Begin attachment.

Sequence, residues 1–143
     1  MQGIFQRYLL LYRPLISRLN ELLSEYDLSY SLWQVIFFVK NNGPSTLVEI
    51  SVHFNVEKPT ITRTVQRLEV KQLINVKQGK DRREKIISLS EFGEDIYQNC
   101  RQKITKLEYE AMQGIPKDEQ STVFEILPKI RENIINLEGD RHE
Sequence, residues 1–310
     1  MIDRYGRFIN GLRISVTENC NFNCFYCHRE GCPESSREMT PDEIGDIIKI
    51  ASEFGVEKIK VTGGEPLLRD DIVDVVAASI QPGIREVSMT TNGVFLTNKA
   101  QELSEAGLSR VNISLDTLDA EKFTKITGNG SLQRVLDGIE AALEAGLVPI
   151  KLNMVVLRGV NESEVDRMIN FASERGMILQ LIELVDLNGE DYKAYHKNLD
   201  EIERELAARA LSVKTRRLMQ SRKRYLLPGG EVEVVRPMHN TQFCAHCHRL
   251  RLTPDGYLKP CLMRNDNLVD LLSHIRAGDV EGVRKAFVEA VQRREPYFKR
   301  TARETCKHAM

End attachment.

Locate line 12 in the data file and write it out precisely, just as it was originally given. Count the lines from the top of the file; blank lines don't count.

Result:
   301  TARETCKHAM